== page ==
18 Feb I Confess … I’m a Stickler
A stickler—someone who cringes when exposed to bad grammar and punctuation, and someone everyone hates. You know the type: we’re unable to read the newspaper without a red pen in hand. Doesn’t make me particularly proud, but knowing it will help you understand what motivated this blog post, since my problem also extends to technical misconceptions.
Exposed, as I am every day, to all things fax, I constantly hear people refer to TDM-based fax, or analog fax, as T.30, as opposed to the IP-based T.38. Actually, many also refer to G.711 pass-through IP fax as T.30. I cringe, but I’ve learned to let it pass and translate “T.30” to “TDM-based analog signal.” So, what’s the problem, you say?
The ITU T.30 recommendation is a computer-communications protocol used by two computers, typically communicating over some form of network, for the purpose of transfering an image from one to the other. In fact, a US Federal District Court ruled in a patent-infringement case, in effect, that the word “facsimile” or “fax” meant exactly that (two endpoint terminals exchanging image data in real time) ruling out, for example, an image file being delivered via e-mail, as is done by hosted fax services. Although the latest version of T.30 mentions V.34 due to the special requirements its use places on T.30, the image modems are actually specified in T.4, not T.30.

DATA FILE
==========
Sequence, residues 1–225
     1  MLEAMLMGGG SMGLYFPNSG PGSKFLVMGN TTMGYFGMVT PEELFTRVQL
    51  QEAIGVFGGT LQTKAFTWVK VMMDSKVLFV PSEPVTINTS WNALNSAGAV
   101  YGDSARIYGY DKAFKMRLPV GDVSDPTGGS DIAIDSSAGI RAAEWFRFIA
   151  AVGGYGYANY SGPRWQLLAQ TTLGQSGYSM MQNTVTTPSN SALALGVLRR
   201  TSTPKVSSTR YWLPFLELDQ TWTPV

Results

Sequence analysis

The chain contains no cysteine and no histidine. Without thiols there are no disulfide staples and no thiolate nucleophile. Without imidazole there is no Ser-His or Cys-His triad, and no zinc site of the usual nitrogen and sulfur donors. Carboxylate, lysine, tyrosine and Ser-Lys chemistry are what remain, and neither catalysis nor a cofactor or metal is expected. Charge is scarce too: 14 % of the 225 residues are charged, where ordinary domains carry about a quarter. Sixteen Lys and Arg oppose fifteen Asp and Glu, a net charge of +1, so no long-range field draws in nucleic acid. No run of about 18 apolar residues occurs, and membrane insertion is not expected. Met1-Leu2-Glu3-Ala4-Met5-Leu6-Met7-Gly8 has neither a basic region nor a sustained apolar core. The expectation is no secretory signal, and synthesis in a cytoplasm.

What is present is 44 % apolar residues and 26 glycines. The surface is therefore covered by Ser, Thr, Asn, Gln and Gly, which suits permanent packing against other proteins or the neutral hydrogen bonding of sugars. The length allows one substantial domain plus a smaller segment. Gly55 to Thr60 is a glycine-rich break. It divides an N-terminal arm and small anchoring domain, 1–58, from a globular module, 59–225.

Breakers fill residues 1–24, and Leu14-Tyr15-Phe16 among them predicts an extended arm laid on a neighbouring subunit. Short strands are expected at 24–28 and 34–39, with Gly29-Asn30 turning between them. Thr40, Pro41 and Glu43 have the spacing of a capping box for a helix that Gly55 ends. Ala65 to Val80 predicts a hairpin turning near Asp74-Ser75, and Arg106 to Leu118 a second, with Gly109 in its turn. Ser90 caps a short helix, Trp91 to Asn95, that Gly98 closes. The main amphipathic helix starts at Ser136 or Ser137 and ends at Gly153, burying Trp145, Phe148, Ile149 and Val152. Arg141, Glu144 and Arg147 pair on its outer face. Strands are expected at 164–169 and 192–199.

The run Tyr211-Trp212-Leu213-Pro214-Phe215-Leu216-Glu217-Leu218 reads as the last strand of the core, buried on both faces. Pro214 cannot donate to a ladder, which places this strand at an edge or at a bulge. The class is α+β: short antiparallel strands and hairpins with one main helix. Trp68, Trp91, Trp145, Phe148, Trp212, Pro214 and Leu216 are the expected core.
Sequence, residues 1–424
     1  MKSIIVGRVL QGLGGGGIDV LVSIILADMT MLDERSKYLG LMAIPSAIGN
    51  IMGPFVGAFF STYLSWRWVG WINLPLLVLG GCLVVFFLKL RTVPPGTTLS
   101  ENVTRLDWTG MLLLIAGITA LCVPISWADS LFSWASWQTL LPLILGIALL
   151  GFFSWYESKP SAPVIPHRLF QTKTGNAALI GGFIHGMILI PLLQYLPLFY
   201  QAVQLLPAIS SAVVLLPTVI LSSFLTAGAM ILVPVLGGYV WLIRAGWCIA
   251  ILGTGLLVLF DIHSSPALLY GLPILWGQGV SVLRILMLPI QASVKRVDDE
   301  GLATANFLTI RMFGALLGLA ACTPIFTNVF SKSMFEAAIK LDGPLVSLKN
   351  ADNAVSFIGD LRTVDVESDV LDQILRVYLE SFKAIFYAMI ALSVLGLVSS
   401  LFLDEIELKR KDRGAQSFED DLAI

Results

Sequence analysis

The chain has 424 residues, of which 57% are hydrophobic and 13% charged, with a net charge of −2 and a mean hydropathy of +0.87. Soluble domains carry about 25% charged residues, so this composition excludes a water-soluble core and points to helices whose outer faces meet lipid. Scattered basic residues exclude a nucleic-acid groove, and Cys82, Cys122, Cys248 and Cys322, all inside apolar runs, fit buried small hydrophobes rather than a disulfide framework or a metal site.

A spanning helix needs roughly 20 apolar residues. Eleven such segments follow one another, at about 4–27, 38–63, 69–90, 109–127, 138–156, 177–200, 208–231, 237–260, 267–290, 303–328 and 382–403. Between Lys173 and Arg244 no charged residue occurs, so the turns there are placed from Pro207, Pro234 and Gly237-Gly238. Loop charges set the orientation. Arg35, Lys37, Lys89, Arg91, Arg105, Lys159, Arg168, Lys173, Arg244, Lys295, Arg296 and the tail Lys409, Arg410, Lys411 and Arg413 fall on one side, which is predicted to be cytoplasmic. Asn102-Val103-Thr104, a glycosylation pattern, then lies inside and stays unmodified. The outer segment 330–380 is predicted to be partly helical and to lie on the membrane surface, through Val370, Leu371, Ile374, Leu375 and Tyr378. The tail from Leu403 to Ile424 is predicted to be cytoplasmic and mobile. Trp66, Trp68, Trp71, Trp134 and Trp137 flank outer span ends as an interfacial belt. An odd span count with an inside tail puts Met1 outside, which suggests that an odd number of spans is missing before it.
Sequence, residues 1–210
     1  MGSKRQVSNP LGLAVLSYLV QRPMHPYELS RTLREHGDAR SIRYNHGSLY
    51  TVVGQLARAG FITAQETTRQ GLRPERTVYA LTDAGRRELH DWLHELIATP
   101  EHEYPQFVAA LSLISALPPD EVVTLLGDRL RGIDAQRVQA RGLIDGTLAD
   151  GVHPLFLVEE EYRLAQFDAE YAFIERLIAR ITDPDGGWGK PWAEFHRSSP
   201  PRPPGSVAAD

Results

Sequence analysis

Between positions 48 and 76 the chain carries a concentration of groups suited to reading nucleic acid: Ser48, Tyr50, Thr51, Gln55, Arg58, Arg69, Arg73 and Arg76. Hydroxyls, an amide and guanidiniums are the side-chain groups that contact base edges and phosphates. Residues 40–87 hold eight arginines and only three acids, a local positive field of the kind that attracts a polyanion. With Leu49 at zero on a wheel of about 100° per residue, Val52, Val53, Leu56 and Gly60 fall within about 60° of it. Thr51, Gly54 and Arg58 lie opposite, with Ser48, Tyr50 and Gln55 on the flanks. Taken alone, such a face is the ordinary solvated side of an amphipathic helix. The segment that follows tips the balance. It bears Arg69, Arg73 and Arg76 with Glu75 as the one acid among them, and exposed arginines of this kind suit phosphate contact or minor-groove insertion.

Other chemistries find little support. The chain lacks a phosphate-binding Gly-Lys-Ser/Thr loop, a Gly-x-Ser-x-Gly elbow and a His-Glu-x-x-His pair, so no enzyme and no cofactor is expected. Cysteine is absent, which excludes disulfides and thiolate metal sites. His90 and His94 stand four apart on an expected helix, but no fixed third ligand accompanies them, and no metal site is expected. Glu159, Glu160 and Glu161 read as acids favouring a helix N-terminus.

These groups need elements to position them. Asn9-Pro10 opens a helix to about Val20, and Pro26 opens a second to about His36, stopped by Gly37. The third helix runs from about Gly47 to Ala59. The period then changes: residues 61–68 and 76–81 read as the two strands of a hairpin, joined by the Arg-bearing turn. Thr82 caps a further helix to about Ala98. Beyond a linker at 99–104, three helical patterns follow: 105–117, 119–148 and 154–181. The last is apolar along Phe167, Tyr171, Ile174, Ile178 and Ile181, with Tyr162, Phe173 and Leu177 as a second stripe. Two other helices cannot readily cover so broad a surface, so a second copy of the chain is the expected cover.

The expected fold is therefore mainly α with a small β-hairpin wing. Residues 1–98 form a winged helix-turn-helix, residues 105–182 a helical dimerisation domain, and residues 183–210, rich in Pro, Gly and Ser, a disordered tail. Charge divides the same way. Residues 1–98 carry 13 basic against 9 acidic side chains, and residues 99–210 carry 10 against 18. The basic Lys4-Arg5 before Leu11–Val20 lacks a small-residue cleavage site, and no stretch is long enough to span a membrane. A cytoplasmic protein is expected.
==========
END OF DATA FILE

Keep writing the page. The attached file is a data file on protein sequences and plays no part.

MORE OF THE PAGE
Granted, when T.30 first specified G3 fax in 1980, IP telephony didn’t exist, and a TDM-based voice infrastructure, the PSTN, was assumed. But that is no longer the case. Today, we have T.38 to take care of the situation where there is an IP network between the two computers (T.30 was not economically practicable prior to micros) using T.30 to communicate. The job of T.38 is to make this interposing IP network transparent to the two T.30 machines. It must overcome packet loss and PCM-clock synchronization problems, while maintaining the timing requirements of the T.30 “conversation.” The relationship of T.30 and T.38 is shown below.